Method of removing trace quantities of alkali metal impurities from a bialkali-antimonide photoemissive cathode

- RCA Corporation

A method of processing a bialkali-antimonide photoemissive cathode to remove trace quantities of alkali metal impurities is disclosed. The cathode is formed by heating alkali vapor sources comprising the chromates of two alkali materials which include trace impurities of two other alkali materials of higher vapor pressures than the aforementioned two alkali materials to sufficiently high temperatures to produce alkali vapors. The temperature of the substrate onto which the various alkali vapors condense is maintained at a sufficiently high temperature for a sufficiently long period of time to drive off the trace quantities of the higher vapor pressure other alkali materials from the substrate. Additionally, after the alkali vapor sources are heated to temperatures sufficient to vaporize the alkali chromates therein, the temperatures of the sources are lower and maintained at sufficient levels to accelerate the removal of reduced alkali vapors from the sources and from the photomultiplier tube.

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Description
BACKGROUND OF THE INVENTION

The invention relates to photoemissive cathodes and particularly to a method of removing trace quantities of cesium and rubidium from a potassium-sodium-antimony photoemissive cathode, which is the cathode of choice in many photomultiplier tubes used in high temperature environments.

In the present context, a trace quantity means an impurity level of a few tens of parts per million. Specifically, it has been determined that all commercially available sodium and potassium chromates which are evaporated to form sodium and potassium vapors, respectively, contain between 10 to 20 parts per million of both cesium and rubidium as impurities. Thus, if one were to attempt to form a potassium-sodium-antimony (bialkali-antimonide) photoemissive cathode using the above described chromates of potassium and sodium, the result would be a multi-alkali antimonide photoemissive cathode comprising predominently potassium, sodium and antimony with cesium and rubidium as unwanted trace inpurities. The presence of cesium and rubidium is thought to create small islands of multi-alkali antimonide photoemissive cathode which have higher dark current or higher noise than the surrounding bialkali antimonide photoemissive cathode comprising potassium-sodium-antimony.

It is known that the photoemissive cathode or photocathode of a photomultiplier tube is adversely affected by high operating temperatures. As the temperature of the tube increases, the dark current of the tube, particularly the thermionic component of the dark current, also increases, thus decreasing the signal-to-noise ratio of the tube. Thermionic emission generally originates from the photocathode itself or from other surfaces in the tube on which alkali materials have been deposited. Typically the photocathode is formed not only on the inside surface of the faceplate but also along the upper sidewall of the tube adjacent to the faceplate. Copending U.S. patent application Ser. No. 546,478, filed by R. D. Faulkner et al. on Oct. 28, 1983, entitled, "ELECTRON DISCHARGE DEVICE HAVING A THERMIONIC EMISSION-REDUCTION COATING," and assigned to the assignee of the present invention, discloses that an indium or induim oxide coating may be deposited along the sidewall to alloy with the constituents of the photocathode to form a high work function layer which is non-photoemissive and which has negligible thermionic emission over the operating temperature range of the tube. The Faulkner et al. copending patent application is incorporated by reference herein for the purpose of disclosure.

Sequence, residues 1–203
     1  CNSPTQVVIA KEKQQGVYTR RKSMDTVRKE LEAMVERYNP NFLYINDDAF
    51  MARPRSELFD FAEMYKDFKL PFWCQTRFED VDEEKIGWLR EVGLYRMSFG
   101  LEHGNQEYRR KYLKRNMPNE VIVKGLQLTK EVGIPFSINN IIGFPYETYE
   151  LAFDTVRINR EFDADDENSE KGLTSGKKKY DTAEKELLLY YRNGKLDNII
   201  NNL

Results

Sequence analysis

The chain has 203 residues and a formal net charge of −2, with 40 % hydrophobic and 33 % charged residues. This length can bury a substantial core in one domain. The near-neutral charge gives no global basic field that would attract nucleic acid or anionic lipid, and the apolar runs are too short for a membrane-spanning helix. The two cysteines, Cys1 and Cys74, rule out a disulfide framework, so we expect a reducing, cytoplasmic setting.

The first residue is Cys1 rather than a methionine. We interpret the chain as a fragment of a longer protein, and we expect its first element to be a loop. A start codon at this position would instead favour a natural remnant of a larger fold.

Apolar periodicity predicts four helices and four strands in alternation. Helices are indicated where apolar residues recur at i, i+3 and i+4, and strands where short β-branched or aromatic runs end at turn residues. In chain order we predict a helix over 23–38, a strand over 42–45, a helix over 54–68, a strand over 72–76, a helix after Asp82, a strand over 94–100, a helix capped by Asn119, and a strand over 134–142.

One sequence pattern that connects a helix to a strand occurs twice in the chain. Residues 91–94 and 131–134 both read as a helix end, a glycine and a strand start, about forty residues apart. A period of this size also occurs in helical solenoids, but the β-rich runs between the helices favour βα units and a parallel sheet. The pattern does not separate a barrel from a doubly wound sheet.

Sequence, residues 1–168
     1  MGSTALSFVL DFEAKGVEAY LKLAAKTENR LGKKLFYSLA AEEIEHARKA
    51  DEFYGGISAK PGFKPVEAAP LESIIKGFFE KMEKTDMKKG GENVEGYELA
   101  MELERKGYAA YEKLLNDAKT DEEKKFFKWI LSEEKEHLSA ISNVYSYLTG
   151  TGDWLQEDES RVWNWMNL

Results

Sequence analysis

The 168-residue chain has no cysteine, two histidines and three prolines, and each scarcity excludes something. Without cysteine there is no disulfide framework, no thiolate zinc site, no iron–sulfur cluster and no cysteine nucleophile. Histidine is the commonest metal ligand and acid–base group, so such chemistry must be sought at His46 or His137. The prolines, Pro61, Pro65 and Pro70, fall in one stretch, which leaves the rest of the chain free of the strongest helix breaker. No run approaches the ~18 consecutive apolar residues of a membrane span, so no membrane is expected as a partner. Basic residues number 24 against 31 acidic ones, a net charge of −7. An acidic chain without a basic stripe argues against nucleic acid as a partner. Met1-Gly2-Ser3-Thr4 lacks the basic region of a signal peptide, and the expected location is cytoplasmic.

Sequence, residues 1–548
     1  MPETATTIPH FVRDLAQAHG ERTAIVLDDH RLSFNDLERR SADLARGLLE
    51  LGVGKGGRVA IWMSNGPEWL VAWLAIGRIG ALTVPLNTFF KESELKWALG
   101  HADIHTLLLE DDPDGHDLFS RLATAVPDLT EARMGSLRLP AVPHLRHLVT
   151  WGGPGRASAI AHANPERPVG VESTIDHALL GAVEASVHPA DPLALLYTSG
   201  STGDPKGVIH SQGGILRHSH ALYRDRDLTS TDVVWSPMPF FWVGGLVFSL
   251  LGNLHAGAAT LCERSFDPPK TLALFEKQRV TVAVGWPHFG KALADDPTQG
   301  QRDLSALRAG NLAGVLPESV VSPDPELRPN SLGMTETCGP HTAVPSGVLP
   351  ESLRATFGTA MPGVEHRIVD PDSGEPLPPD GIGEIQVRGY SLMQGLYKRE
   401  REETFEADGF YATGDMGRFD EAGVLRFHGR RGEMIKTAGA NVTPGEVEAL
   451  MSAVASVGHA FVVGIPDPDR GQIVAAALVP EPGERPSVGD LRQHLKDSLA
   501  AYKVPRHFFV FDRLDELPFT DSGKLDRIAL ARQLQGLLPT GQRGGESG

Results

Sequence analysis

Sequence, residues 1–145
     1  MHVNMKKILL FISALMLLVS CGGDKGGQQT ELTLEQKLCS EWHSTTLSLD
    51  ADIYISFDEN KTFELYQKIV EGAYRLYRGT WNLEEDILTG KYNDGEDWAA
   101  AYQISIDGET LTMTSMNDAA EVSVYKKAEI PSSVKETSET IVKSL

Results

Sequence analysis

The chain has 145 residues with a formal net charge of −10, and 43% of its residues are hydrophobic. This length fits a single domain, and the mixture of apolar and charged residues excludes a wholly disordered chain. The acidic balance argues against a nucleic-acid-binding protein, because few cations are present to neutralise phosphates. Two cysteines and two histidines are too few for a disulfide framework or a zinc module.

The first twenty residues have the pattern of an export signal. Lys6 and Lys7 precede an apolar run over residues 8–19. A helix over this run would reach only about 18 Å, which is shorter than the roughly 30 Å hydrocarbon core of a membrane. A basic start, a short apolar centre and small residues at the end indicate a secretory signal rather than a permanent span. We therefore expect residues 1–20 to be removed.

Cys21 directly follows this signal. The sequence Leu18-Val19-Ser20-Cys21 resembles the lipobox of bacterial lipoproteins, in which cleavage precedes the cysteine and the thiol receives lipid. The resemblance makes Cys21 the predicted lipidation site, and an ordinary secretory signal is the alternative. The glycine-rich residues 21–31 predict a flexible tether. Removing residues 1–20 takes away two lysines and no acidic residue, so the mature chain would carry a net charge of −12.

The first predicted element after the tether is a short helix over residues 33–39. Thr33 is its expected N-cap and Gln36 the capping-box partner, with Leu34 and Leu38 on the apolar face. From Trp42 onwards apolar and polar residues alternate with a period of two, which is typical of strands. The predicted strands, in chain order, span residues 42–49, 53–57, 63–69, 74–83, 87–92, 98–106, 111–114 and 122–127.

The Faulkner et al. patent application, however, offers no solution for lowering the dark current originating from the photocathode on the faceplate. It is known in the art to cool the photomultiplier tube and to reduce the thermionic emission by means of a cryostat; however, with some types of photocathodes, too low a temperature may result in the photocathode becoming so resistive that the photoemission is blocked by a drop in potential across the photoemissive surface. Since the dark current for a potassium-sodium-antimony bialkali photocathode operating at a temperature of 100.degree. C. is about 4.times.10.sup.-16 A/cm.sup.2, whereas the dark current for a potassium-sodium-cesium-antimony multi-alkali photocathode is approximately 4.times.10.sup.-12 A/cm.sup.2, it is clearly beneficial to eliminate the residual impurities such as cesium and rubidium from the potassium-sodium-bialkali photocathode in order to reduce the dark current thereof. However, if lower acceptance levels for cesium and rubidium impurities in commerically purchased potassium and sodium chromates are established, the cost of the materials, and ultimately, the cost of the photomultiplier tube will be increased substantially. Accordingly, it is desirable to find alternative means for eliminating or reducing the trace quantities of cesium and rubidium that are present in the potassium-sodium-antimony photocathode in order to produce a tube having lower dark current.